and ensuring that the manufacturing process remains in control.

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Figure 13. Overall RSS velocity Unicus (1) BAD


Overall RSS Velocity 1-400 Hz
16
14

Velocity, in/sec

12
10
8
6
4
2
0
1

Test Point

Figure 14. Overall RSS velocity Unicus (1) with new block, GOOD.
Overall RSS Velocity 0-400 Hz

16

Velocity, in/sec

14
12
10
8
6
4
2
0
1

Test Point

7.4
LF Scans at Specific Test Points in Specific Frequency Bands
The overall RSS vibration graphs sum the vibration overall frequencies in the scan. Greater
detail and valuable diagnostic data is provided by looking in the frequency domain at an FFT.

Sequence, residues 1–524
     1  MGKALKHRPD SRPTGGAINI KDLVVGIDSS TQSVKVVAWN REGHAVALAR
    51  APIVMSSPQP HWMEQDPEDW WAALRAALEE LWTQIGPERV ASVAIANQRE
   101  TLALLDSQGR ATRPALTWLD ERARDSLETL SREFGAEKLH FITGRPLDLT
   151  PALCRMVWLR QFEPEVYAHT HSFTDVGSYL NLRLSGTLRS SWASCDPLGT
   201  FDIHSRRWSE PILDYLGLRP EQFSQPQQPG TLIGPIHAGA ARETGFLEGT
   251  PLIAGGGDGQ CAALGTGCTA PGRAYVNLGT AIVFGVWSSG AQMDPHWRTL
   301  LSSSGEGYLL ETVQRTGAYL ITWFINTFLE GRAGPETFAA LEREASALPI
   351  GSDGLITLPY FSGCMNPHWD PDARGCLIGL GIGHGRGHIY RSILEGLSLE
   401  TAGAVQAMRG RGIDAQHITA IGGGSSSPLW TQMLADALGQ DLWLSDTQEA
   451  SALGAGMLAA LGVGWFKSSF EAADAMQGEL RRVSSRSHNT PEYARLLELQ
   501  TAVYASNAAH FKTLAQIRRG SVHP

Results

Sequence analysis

An example of a LF scan was provided in Figure 7. How does a scan of a normal stage 2 head
(TP2) compare to a scan of TP2 on a system which has been bumped by a forklift? Compare
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Figure 15, which shows the result of a LF scan of a normal Unicus (10), to Figure 16 for a
damaged Unicus (11), which has a much greater total velocity of 7.5 cm/sec (3 in/sec) at 7 hz.
Figure 15. TP2 RMS velocity Unicus (10) Normal.
Avg Velocity RMS

Velocity, in/sec

3.5
3
2.5
2
1.5
1
0.5
0
1

7 10 13 16 19 22 25 28 31 34 37 40 43 46 49 52 55 58 61
Frequency, Hz

Figure 16. TP2 RMS Velocity Unicus (11), Damaged.


Avg Velocity RMS

Velocity, in/sec

3.5
3
2.5
2
1.5
1
0.5
0
1 4 7 10 13 16 19 22 25 28 31 34 37 40 43 46 49 52 55 58 61
Frequency, Hz

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7.5

High Frequency (HF) Scans

7.5.1 HF Narrow Band Analysis


An example of a HF scan was provided in Figure 8. The following graphs provide an expanded